Imagine you are a security guard, charged with protecting a diamond necklace. Unfortunately, the necklace has been broken into a few million pieces—and they’re scattered from Seattle to Singapore and everywhere in between.
That’s the essence of the problem facing UAB computer security expert Ragib Hasan, Ph.D. Hasan is searching for ways to safeguard the far-flung packets of data created when companies entrust their information to “the cloud.” He is also preparing students for a new wave of technological change by getting them up to speed on one of the hottest topics in tech.
Apple and Google have invested heavily in cloud computing in recent years, offering users the chance to store their music and other files on computer servers rather than on their personal machines. The advantage: instant access to songs, documents, and other data from any device, whether it’s a cell phone, the office laptop, or a home computer.
[For more on cloud computing, see "Cloud Computing in Three Easy Steps."]
But cloud computing could have its biggest impact as a corporate tool—one that allows small start-ups to expand with minimal investment, and any company to cut costs and improve efficiency. “The idea of cloud computing emerged from the large data centers that companies like Amazon and Google built in the 2000s,” Hasan says. “Amazon in particular had to build massive data centers with thousands of servers to handle the rush of Christmas orders each year, but their investment wasn’t being used efficiently. Most of the year, they were only using 5 or 6 percent of their capacity. So they got the idea of selling this excess capacity to others.”
In 2006, Amazon launched a program that let customers borrow its computers starting at 10 cents per hour—and if customers didn’t have their own applications to run on the computers, Amazon would rent them as well. “The computers are sitting in Amazon’s data centers,” Hasan explains. “Each machine can be accessed by up to eight customers at a time, so they can handle quite a bit of capacity.”
The cloud paradigm “changed the technology market considerably by reducing the barriers of entry,” Hasan says. “If you want to compete with Twitter by launching your own Web site, you don’t have to pay millions of dollars to buy your own servers. You can start small by renting a few servers, then scale up as your business grows.” In fact, Hasan notes, Twitter itself “ran on top of Amazon’s cloud” for its first few years of life.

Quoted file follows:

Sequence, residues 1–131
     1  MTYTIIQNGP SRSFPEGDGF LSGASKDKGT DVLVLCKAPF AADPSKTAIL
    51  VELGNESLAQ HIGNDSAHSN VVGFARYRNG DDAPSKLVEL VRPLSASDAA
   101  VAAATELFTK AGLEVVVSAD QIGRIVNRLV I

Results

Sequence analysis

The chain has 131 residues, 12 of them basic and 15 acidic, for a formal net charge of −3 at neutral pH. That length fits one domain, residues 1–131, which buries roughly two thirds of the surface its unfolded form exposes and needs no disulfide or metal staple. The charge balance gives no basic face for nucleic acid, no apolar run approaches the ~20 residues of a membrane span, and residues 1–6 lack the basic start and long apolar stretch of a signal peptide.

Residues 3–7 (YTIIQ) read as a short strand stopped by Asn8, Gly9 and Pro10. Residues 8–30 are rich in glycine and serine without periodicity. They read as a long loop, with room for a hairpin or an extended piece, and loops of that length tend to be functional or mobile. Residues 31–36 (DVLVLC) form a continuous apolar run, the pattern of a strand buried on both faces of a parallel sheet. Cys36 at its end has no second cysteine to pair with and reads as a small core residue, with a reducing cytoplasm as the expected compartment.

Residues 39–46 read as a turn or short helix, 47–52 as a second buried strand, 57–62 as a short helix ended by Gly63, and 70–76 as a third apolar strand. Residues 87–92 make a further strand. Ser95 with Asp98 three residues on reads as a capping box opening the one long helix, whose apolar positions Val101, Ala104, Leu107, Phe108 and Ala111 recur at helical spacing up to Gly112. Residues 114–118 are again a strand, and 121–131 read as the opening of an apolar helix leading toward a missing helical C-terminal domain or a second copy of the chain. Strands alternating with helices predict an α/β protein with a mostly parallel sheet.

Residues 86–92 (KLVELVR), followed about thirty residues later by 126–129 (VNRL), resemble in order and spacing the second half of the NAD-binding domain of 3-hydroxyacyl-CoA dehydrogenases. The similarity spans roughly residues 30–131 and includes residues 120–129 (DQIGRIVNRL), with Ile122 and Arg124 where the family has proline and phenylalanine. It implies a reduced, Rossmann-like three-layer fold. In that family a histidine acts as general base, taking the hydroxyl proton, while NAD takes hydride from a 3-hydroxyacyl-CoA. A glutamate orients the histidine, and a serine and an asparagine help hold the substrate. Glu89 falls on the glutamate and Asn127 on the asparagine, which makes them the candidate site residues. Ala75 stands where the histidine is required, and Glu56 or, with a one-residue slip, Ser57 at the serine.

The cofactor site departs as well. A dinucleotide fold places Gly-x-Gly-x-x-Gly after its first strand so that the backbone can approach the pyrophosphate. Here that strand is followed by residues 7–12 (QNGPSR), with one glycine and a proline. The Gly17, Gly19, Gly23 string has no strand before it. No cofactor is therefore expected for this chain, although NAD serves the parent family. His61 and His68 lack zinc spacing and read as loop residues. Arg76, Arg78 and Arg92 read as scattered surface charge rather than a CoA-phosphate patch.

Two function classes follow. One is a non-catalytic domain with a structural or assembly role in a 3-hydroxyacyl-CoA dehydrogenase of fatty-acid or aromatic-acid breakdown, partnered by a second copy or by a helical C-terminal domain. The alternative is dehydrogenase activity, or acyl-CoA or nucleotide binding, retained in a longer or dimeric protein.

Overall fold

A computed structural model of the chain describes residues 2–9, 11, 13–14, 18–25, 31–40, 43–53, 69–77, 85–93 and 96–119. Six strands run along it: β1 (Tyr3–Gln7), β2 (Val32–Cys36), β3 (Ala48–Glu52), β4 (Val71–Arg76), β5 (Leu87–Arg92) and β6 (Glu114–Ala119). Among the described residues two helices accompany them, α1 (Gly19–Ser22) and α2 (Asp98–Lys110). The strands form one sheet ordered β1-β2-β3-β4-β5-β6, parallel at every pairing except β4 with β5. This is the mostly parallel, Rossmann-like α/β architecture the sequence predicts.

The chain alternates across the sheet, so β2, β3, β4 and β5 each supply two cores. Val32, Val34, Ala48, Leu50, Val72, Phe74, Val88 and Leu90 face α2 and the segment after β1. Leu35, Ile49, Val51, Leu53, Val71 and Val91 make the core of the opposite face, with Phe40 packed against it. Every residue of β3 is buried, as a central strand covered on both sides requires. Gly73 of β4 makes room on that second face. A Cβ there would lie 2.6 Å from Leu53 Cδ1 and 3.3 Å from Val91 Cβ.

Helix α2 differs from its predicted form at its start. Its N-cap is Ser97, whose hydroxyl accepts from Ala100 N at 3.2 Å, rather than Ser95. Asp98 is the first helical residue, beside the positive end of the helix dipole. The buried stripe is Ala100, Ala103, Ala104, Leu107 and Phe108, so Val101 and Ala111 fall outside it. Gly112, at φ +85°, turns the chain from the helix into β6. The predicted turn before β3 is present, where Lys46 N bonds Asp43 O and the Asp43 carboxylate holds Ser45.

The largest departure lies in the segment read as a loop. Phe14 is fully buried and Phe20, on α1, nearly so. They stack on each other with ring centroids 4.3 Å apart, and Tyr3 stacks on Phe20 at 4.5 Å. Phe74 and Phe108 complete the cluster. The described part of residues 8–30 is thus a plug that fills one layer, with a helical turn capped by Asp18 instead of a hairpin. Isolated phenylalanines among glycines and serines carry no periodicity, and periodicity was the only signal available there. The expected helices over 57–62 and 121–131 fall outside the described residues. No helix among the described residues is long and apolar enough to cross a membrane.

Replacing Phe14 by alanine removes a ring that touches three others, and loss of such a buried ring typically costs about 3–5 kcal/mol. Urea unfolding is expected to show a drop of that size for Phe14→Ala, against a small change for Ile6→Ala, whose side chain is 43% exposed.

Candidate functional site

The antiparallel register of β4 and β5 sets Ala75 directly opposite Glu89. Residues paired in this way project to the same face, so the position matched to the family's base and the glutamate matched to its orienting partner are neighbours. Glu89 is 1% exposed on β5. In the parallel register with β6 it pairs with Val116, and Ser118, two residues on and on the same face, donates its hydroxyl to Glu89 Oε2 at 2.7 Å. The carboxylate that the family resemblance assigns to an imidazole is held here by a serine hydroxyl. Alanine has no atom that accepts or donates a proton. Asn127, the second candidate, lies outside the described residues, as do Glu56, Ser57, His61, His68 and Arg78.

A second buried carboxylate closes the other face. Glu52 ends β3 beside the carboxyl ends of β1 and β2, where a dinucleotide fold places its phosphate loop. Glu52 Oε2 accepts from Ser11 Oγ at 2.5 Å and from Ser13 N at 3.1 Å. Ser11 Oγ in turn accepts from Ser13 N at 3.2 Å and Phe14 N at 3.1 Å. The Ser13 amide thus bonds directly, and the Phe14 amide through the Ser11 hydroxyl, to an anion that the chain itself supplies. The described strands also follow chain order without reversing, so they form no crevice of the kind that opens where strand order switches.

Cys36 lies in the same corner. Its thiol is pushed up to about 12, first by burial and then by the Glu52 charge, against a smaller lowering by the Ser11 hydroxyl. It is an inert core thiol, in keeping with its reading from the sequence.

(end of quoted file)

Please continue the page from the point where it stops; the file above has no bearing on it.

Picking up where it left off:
Into the Black Box
The trouble is, “right now you don’t have any guarantees about what happens to your data when it goes in the cloud,” Hasan says. “That might not matter with your personal mp3 collection, but when it comes to financial data or health-care records, you certainly should care.”
“Federal regulations mandate that you provide adequate security for data, and it’s just not there at the moment for cloud computing,” Hasan says. Existing security options “make the clouds so inefficient that they aren’t used,” he notes. “I want to find a way to make security schemes more efficient and apply them to clouds.”
Amazon now has several large data centers in the United States, Asia, and Europe. “They can automatically transfer the load of traffic between these centers”—for instance, as U.S. demand peaks on heavy shopping days, European servers can help out—“and as the customer, you never know what’s happening,” Hasan says.
But that doesn’t sit well with corporate customers who want to know that their information is being kept secure, not bounced around to computer servers worldwide. Companies like Amazon “want to keep the cloud as a black box,” Hasan says. But corporate executives pondering cloud-based applications for spreadsheets and company memos are “going to want security guarantees about exactly where their data goes and what happens to it in the cloud.”
Hasan and a group of student researchers are experimenting with new cloud security techniques as a part of his new Secure and Trustworthy Computing (SECRET) Lab. He is also investigating new ways to provide secure location information that can increase the level of data security on mobile devices such as cell phones. Hasan received a 2011 Google Faculty Research Award to fund this work, which is focused on developing collusion-resistant tracking systems that could be used at defense installations and food supply chains, among other applications.
Two years ago, Hasan designed one of the world’s first university courses on cloud security while he was at Johns Hopkins University. He brought the course with him when he came to UAB in summer 2011 as an assistant professor in the Department of Computer and Information Sciences, and he taught it for the first time in fall 2011. The course attracted the attention of Amazon, which recently awarded Hasan research and teaching grants.
This is a great time to get involved in the field, Hasan notes. “Many companies are looking to build their own clouds, besides Google and Amazon,” he says. “These companies need people who know how to make clouds secure. Last year at Hopkins, a lot of people in my class went on to join Amazon and other cloud vendors, and they told me that the human resources interviewers at those companies were really surprised to find that they knew all the details about cloud security issues.”